As the San Jose Sharks attempt to nibble at the lead the Pittsburgh Penguins have established in the Stanley Cup finals, a debate is raging across North America.
That garment that a hockey player pulls over his shoulder pads: is it a jersey? Or is it a sweater?
"Sweater. Definitely, clearly, sweater," says Vipal Monga, a reporter for the Wall Street Journal. "It says a lot about the romance of the sport, and I think that adds a lot to the aura, the mystique of the sport."
Monga usually writes about corporate finance and other matters even more important than this. But when the question of sweater versus jersey came up, he could not keep silent. See, Monga was raised in Canada. He moved to New York 17 years ago. And while he's always been firmly in camp sweater...
"To my dismay, though, there have been moments when I’ve caught myself in the midst of calling it a jersey," he says. "And, you know, it’s sort of like a creeping takeover that’s happening as I spend more time here."
Monga understands that hockey players no longer wear thick woolen sweaters to stay warm. In fact, today's hockey jerseys are made from double-knit polyester and other synthetic fibers meant to keep players cool. And Monga knows that, like the Sharks in this year's Finals, he might be fighting a losing battle.
"The NHL, I believe, calls it jersey," he says. "All the marketing materials call it jersey. The Hockey Hall of Fame calls it jersey. But just because they’re the official institutions does not mean they’re right."
"If you want to call it a sweater then by all means call it a sweater," says former NHL player Dave Silk, a.k.a. the guy we call whenever we have a hockey question. But what does Silk think it should be called?
"Jersey," he says.
Before winning Olympic gold with the Miracle on Ice team, Dave was just another kid playing in rec leagues south of Boston, where fistfights did not exactly break out over what to call the uniform the players were wearing.
"Everybody wore a jersey," he says. "There were no such things as sweaters. That’s what the people in the stands wore."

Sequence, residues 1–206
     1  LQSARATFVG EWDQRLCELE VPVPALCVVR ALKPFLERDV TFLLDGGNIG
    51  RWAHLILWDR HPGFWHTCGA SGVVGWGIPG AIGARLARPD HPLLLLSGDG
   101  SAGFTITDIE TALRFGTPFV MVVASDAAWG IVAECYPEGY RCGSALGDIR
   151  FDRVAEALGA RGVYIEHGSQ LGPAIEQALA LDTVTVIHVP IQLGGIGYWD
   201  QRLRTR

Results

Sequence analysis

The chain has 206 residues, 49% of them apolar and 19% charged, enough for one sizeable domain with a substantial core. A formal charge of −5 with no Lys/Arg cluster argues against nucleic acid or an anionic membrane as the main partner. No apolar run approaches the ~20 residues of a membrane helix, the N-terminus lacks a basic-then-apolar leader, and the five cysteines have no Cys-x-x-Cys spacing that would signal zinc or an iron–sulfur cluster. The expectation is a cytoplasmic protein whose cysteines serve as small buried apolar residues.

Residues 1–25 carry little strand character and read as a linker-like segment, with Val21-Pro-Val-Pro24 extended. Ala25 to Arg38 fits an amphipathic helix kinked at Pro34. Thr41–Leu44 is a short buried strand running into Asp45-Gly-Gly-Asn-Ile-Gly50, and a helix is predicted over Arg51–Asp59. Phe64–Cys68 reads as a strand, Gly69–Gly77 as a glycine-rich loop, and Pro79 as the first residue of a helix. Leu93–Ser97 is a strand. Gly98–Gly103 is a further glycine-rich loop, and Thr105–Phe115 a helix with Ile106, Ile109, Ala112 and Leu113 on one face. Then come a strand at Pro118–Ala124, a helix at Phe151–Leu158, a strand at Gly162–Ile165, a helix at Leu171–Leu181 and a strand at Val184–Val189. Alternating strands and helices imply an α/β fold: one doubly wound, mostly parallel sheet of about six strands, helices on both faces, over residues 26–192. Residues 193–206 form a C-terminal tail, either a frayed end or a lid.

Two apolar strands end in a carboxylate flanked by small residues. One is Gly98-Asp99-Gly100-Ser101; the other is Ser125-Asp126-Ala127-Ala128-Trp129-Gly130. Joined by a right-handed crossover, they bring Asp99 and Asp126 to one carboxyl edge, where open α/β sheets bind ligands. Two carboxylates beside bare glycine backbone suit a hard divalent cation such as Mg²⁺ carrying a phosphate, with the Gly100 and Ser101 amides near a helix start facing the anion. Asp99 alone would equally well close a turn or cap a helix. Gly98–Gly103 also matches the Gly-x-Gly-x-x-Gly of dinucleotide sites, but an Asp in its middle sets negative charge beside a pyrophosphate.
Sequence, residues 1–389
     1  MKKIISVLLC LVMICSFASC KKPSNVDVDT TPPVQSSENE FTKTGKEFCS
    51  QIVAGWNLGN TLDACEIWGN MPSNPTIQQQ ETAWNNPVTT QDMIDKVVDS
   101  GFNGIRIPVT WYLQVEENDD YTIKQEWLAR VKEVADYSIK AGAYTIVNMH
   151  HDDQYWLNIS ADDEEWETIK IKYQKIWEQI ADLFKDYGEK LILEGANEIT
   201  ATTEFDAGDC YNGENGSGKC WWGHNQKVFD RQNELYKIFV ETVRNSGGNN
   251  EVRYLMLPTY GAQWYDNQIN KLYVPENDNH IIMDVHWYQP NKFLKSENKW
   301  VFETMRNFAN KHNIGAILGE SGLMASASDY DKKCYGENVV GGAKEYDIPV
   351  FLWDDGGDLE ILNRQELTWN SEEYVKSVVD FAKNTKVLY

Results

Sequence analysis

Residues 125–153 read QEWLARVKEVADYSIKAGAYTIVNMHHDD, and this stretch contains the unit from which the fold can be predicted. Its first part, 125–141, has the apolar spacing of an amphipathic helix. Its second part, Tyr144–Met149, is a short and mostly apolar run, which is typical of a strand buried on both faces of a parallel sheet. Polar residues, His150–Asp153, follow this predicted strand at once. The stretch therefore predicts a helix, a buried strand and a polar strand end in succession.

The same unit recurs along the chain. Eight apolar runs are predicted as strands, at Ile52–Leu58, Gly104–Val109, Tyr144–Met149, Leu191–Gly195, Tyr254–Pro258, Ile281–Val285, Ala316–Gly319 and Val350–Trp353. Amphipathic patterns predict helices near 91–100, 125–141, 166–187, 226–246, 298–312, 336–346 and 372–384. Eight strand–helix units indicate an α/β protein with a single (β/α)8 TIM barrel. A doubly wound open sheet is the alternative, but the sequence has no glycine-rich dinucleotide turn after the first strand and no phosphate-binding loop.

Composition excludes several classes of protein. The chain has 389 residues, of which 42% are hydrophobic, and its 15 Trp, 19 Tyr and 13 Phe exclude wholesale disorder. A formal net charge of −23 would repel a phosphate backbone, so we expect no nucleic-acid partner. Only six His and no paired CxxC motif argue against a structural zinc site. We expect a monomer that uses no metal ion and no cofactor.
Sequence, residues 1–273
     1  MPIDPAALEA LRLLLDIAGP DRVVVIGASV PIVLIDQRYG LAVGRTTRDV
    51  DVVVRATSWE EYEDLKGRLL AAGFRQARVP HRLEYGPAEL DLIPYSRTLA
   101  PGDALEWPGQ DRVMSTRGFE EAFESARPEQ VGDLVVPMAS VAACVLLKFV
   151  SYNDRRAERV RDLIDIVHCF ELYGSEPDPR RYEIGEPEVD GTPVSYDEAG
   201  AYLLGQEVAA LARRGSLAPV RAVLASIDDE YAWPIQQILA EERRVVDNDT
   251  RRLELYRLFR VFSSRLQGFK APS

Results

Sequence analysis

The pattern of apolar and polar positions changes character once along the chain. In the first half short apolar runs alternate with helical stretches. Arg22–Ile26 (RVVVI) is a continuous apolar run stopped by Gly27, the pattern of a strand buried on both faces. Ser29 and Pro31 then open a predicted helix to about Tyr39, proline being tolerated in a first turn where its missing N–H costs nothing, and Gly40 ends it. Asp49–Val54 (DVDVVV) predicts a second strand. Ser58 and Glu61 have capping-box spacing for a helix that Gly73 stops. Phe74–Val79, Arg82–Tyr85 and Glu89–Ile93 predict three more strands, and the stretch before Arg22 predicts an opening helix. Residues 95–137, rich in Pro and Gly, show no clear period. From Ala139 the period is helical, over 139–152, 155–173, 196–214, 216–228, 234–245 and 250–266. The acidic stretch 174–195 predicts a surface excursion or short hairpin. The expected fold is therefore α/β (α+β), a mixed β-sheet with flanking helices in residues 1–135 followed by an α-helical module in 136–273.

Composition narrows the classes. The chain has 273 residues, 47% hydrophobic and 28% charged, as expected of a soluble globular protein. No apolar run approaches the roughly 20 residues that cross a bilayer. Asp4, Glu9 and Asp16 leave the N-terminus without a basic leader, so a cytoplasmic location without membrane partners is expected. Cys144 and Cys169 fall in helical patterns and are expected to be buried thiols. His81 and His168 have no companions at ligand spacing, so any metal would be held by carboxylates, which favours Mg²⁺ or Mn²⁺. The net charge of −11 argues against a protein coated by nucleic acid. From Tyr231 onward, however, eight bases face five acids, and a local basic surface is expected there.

Once Silk made it to the NHL, his acquaintance with the hockey sweater began. By then, he knew better than to be surprised by unfamiliar expressions.
"Once you start getting used to playing with and against Canadians, you come to understand that they have a whole other language," he says. "And, I remember one of the first times that I played against a Canadian team, when I was still in youth hockey, and, you know, there was the usual pushing and shoving, so I think I probably swore at a guy, and one of the guys said, ‘Your mother swims after troop ships, eh?’ And I had to go back to the bench and ask the coach, ‘What does that mean?’"
My friends on the western end called it a jersey, which led me immediately to question their Canadian bonafides.Vipal Monga
It would be easy to assume that this is merely a semantic difference between the languages spoken in the U.S. and Canada, but even within this country, Silk says, hockey players have a language all their own.
"You go out to Minnesota and they call hockey pants ‘breezers,’" he said. "There’s a regional distinction for sure."
And it turns out that those regional differences play out north of the border as well, as Monga found out this week after his exposé on the jersey versus sweater controversy was published in the Wall Street Journal.
"My friends on the eastern part of Canada all said sweater," Monga said. "No doubt, sweater. My friends on the western end called it a jersey, which led me immediately to question their Canadian bonafides. But, that could be a dividing line: ‘Old Canada’ versus ‘New Canada,’ or as I like to say, ‘Right Canada’ versus ‘Wrong Canada.’"
Wouldn’t it be a good idea to agree that there is no “right” or “wrong” with regard to the debate about jerseys and sweaters? I mean, in this contentious world, couldn’t we…
This segment aired on June 4, 2016.